Inguinal hernias, whether occult or obvious, and lipomas of the spermatic cord or round ligament are important etiologies to consider in the diagnosis of groin pain. This axial T2-weighted MR image of the pelvis shows a spermatic cord lipoma.
Tendon injuries are often overuse injuries or a result of a single traumatic event, they continued. Athletic muscle injuries present as a heterogeneous group of muscle disorders. The most widely used classification is an MRI-based graduation defining four grades: grade 0 with no pathological findings, grade 1 with a muscle edema only but without tissue damage, grade 2 as partial muscle tear, and grade 3 with a complete muscle tear.
Inguinal hernias, whether occult or obvious, and lipomas of the spermatic cord or round ligament are important etiologies to consider in the diagnosis of groin pain, the authors wrote. Many patients do not complain of a bulge, but instead complain chiefly of groin pain, unaware of the vast differential diagnosis list involved.
These hernias are often diagnosed with history and physical exam alone, and treated accordingly. An occult hernia can be a cord lipoma or indirect hernia sac that tracks along the spermatic cord within the inguinal canal creating compression on the ilioinguinal or genitofemoral nerves, they added. Lipomas of the cord and round ligament cause similar pain to that of a hernia.
Lower abdominal and pelvic pain
Osteitis pubis is a noninfectious inflammatory process of the pubic symphysis commonly seen in football players, and previous trauma, overuse, and vaginal delivery are all risk factors, they told ESSR delegates. Because of chronic repetitive shear, distraction injuries, and unbalanced tensile stress from the muscle attachments of the pubic symphysis, it is thought to result from instability of the pubic symphysis.
Mild osteitis pubis in a man. A: Transversal T2-weighted fat-suppressed MR image reveals parasymphyseal hyperintensity extending from the subchondral plate of left pubic body, which reflects edema due to increased stress response and areas of trabecular microtrauma. B: Coronal T2-weighted fat-suppressed MR image shows articular surface irregularity, erosions, osteophytes, and subchondral cyst (green arrow). In addition, there is an edema of myotendinous attachments of adductor seen as a coexistent tendinopathy and grade 1 strain (yellow arrowhead).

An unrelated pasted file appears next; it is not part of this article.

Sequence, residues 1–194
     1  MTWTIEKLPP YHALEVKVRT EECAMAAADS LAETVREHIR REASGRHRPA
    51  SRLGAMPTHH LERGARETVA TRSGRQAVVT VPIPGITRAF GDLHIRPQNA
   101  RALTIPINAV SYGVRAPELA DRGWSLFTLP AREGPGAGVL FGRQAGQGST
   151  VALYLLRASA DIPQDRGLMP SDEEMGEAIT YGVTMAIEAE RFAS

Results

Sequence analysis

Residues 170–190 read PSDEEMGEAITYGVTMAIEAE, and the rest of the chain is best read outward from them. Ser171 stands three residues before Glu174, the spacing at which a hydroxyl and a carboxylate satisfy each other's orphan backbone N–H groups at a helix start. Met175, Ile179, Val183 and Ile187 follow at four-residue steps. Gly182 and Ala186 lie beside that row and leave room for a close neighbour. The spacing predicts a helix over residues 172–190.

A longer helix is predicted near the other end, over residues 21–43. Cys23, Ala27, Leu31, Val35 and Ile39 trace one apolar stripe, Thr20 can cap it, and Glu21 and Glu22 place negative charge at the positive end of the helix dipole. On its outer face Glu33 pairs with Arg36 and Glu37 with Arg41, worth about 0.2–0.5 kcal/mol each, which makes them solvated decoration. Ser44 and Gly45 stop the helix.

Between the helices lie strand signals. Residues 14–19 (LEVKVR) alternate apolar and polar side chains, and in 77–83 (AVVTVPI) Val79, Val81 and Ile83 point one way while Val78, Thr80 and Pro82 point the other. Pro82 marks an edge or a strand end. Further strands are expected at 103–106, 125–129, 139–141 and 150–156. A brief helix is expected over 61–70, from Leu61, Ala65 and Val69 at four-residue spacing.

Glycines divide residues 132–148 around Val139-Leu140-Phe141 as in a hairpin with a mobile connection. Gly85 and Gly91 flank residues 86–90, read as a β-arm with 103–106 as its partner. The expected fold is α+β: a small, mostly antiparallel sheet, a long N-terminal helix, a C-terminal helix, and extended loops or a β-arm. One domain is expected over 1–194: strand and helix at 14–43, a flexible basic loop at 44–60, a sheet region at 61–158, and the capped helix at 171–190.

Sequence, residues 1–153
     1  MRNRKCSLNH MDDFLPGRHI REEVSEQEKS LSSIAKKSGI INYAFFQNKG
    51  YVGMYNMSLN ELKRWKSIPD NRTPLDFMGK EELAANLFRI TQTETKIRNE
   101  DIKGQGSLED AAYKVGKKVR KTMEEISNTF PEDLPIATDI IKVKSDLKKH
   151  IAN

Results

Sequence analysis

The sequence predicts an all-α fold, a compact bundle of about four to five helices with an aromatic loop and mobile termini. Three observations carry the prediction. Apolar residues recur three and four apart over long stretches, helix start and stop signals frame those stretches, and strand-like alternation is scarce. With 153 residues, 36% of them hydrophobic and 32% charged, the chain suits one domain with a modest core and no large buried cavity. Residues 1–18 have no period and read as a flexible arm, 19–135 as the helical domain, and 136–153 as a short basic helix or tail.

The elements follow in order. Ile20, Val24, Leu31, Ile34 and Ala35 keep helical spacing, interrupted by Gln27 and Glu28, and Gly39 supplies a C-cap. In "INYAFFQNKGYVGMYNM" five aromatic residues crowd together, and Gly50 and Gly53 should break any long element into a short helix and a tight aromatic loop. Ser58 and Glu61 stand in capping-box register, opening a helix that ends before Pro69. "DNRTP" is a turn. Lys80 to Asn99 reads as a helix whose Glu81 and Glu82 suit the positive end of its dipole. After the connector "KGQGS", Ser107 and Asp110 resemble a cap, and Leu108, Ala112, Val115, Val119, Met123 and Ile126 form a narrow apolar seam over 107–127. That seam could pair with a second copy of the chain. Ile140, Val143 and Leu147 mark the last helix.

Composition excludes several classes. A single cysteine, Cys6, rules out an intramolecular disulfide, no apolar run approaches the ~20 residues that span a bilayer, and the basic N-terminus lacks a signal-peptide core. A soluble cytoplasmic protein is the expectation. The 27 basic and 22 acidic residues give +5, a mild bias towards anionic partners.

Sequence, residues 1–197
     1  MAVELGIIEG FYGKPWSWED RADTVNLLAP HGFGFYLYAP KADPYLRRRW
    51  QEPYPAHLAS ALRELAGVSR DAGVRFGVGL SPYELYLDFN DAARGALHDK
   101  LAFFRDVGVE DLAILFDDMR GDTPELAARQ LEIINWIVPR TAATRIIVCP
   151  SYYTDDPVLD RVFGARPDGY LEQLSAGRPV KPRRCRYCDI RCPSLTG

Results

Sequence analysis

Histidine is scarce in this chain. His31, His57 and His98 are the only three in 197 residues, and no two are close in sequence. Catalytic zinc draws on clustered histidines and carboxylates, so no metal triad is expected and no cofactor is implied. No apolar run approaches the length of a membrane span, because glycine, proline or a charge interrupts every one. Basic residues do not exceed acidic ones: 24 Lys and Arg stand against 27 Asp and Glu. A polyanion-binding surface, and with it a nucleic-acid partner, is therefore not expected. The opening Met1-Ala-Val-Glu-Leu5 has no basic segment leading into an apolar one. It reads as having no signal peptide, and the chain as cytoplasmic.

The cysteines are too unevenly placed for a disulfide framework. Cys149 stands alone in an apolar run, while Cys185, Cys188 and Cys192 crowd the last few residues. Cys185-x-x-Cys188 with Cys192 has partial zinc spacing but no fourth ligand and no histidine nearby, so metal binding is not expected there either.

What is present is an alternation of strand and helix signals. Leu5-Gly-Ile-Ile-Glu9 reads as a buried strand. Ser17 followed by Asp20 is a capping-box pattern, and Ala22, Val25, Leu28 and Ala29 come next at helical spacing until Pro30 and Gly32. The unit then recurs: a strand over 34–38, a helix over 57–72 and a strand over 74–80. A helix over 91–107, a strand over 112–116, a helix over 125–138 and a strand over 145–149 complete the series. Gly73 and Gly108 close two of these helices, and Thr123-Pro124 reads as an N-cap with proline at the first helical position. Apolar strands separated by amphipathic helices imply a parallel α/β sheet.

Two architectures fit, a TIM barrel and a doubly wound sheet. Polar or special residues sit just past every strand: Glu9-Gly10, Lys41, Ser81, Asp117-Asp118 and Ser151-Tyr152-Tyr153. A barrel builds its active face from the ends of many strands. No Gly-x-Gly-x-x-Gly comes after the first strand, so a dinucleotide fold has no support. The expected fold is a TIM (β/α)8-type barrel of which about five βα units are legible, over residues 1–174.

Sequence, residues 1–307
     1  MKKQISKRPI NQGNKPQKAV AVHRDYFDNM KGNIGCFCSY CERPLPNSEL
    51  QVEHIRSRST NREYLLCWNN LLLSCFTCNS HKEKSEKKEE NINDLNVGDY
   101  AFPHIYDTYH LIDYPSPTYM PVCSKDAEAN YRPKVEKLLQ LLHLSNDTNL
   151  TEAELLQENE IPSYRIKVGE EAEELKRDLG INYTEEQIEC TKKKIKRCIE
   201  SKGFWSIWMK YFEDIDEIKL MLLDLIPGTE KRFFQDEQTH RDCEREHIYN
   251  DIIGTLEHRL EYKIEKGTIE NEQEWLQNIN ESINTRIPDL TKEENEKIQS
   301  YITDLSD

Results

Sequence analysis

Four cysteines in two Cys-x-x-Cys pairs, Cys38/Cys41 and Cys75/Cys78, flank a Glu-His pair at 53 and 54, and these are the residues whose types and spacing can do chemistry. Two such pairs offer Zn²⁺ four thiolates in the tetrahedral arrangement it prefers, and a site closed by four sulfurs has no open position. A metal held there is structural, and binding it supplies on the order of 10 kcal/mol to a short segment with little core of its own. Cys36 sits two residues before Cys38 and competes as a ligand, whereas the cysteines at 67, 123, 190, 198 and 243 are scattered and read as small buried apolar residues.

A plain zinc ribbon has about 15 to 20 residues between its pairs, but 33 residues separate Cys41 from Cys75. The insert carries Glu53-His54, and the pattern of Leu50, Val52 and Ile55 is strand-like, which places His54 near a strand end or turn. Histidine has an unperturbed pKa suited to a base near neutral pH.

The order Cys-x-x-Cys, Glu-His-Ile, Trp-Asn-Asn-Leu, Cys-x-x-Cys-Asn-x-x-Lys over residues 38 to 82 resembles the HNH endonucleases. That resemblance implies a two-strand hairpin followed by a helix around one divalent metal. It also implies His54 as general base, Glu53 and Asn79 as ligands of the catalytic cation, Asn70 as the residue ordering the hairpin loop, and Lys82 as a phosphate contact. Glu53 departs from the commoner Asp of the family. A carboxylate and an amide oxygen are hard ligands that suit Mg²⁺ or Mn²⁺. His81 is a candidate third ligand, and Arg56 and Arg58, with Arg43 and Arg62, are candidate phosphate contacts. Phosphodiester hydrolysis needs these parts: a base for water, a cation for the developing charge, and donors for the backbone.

"As radiographic technology has improved, osteitis pubis is now recognized as a cluster of different injuries to the muscles, tendons, and osseous structures of the lower abdominal wall and pelvis," the researchers pointed out. "The mechanism of injury in athletic pubalgia combines two physical phenomena: repetitive motion injury and muscle development asymmetry."
Substantial amounts of bone marrow edema at the pubic symphysis can occur in asymptomatic football players, and it is only weakly related to the development of osteitis pubis. Therefore, MRI should be used to confirm the clinical suspicions provided by the patient history and a physical examination, they noted.
Injuries under the microscope
Athletic pubalgia (sports hernia) is a cluster of distinct injuries that are grouped together because of the common location of pain, overlapping activity triggers, and lack of physical exam findings. Most injuries to athletes result from a single action or collision, according to Sinitsyn and colleagues.
"Although groin injuries may be acute, they more often have an insidious onset and progress over a period of weeks or months. Patients may experience alternating episodic exacerbations and periods of improvement, or they may have gradually progressive symptoms," they wrote.
The differential diagnosis of groin pain in athletes is complicated by the fact that various pathologic entities may cause similar clinical signs and symptoms. Moreover, there are often overlapping findings at physical examination. The pathophysiologic conditions that cause groin pain are complicated and poorly understood.
Looking ahead to the 2018 FIFA World Cup, unfortunately for staff at the Federal Center for Rehabilitation and Treatment, another large city hospital has been appointed as the main medical facility for the event, which runs from 14 June to 15 July and will include 32 teams, Sinitsyn told AuntMinnieEurope.com. "But we do hope that we also will be involved because of our experience with sports imaging."
For free access to the authors' full range of clinical cases and images presented at ESSR 2017 and available on the European Society of Radiology's EPOS database, click here.